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I have just started work with radars. I read that incoming signal in case of Doppler radar is frequency shifted. On adding it to original signal we get Doppler shift. But we don't do it directly. First we make I component (by mixing incoming signal with LO signal) then Q signal by mixing original signal with phase shifted LO then do I + jQ. This I understand is to determine the direction of motion either towards or away from Radar. I am attaching excerpt from book. Can anyone please explain how this one signal in each waveform becomes zero?

From Micro Doppler Effect in Radar by Victor C. Chen

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Keep in mind that the value of fD can be positive or negative. The sign of fD has no effect on the I signal (cos(x) = cos(-x)), but it reverses the sign of the Q signal (sin(x) = -sin(-x)).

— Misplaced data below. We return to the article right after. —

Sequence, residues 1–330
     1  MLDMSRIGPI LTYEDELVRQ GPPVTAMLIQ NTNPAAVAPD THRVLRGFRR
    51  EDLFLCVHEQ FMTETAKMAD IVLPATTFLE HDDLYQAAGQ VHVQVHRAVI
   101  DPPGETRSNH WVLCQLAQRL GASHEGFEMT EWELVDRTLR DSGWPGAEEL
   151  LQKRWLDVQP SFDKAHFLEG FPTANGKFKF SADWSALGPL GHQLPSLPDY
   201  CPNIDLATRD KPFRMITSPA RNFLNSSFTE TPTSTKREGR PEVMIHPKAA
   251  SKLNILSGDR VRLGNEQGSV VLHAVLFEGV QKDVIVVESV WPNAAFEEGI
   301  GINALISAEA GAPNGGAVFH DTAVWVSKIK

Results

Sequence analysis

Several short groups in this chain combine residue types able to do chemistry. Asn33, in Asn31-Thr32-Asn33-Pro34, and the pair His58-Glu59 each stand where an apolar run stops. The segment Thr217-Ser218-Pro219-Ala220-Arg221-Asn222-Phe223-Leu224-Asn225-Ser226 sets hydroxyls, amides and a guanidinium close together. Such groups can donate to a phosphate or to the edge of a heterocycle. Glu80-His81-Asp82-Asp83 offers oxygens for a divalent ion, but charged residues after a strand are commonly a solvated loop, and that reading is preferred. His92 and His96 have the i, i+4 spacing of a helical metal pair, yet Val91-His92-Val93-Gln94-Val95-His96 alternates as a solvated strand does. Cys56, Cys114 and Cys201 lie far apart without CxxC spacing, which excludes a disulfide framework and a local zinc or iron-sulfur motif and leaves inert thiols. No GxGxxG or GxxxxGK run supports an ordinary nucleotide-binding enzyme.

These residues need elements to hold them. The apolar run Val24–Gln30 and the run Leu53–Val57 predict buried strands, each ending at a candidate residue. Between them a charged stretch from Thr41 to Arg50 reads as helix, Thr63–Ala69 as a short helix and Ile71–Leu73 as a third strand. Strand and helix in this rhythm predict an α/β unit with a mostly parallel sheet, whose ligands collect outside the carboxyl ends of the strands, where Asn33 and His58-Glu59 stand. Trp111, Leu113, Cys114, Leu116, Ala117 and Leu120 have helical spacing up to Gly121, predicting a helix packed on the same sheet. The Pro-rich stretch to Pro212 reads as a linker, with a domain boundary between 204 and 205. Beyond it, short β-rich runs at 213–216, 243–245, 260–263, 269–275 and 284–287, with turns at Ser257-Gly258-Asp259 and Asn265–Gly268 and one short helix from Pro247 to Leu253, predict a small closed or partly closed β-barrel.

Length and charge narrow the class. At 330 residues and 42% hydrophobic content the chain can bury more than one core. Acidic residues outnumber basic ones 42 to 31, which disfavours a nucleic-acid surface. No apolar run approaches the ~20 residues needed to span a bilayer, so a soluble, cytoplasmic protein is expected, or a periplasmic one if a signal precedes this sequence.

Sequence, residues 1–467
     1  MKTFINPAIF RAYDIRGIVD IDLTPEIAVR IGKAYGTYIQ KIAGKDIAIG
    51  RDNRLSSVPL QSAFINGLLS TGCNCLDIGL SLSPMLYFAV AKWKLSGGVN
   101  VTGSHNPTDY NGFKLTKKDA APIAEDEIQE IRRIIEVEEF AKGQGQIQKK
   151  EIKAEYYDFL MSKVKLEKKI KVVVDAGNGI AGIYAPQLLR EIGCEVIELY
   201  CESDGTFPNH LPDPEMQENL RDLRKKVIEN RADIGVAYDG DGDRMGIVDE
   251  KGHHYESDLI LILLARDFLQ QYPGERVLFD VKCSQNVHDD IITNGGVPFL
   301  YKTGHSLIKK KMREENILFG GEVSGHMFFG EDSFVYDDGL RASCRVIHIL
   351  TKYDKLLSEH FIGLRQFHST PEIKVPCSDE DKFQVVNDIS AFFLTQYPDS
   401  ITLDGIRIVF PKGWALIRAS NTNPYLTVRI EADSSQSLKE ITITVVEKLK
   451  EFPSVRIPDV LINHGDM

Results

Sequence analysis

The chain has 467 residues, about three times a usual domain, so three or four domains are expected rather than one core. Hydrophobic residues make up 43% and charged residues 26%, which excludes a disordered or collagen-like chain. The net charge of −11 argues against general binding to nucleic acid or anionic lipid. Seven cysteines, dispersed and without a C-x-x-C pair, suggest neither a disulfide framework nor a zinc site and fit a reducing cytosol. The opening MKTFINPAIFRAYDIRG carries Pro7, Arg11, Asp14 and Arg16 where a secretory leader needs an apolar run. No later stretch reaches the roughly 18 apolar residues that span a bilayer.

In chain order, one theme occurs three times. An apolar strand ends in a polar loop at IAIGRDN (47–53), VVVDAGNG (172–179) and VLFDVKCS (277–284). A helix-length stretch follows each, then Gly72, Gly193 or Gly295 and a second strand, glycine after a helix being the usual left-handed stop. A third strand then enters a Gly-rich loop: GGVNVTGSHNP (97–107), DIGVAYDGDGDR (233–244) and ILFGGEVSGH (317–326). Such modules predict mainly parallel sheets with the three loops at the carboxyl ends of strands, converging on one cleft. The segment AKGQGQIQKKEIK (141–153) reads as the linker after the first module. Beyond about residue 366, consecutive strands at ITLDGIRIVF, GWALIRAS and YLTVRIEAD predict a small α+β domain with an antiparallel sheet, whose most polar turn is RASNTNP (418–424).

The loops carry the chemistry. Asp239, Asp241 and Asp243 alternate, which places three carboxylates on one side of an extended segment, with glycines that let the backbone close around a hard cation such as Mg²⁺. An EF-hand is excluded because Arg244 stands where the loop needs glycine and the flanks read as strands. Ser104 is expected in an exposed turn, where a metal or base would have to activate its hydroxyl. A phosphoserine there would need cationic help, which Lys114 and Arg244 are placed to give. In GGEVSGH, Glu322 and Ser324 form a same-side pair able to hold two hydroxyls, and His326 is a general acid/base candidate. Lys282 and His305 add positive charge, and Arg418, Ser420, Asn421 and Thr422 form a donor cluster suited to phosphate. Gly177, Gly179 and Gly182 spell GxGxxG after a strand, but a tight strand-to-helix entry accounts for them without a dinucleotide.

The 90° phase shifter delays the Q signal — its output is Q90(t) = -sin(2πfDt - π/2) = cos(2πfDt) when fD is positive, but it becomes -cos(2πfDt) when fD is negative.

Therefore, when fD is positive, the upper adder outputs cos(2πfDt) - cos(2πfDt) = 0, but when fD is negative, it outputs cos(2πfDt) - (-cos(2πfDt)) = 2 cos(2πfDt).

Similarly, when fD is positive, the lower adder outputs cos(2πfDt) + cos(2πfDt) = 2 cos(2πfDt), but when fD is negative, it outputs cos(2πfDt) + (-cos(2πfDt)) = 0.

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  • \$\begingroup\$ If we look like this -sin(2*pifdt- pi/2)=sin(pi/2 - 2*pifdt). And sin(pi/2-a) equals cosa no matter what sign of a is. (Here a would be 2*pifdt). So in either case output is same. I am thinking like this. Any comments? \$\endgroup\$ – Aashish Sharma Oct 6 '14 at 5:29
  • \$\begingroup\$ You're still ignoring the fact that the sign of the Q signal changes with the sign of \$f_D\$, before you apply the processing shown in the diagram. \$\endgroup\$ – Dave Tweed Oct 6 '14 at 11:10
  • \$\begingroup\$ Thanks a ton. This was bugging me a lot. Now got hold of it. \$\endgroup\$ – Aashish Sharma Oct 7 '14 at 9:12

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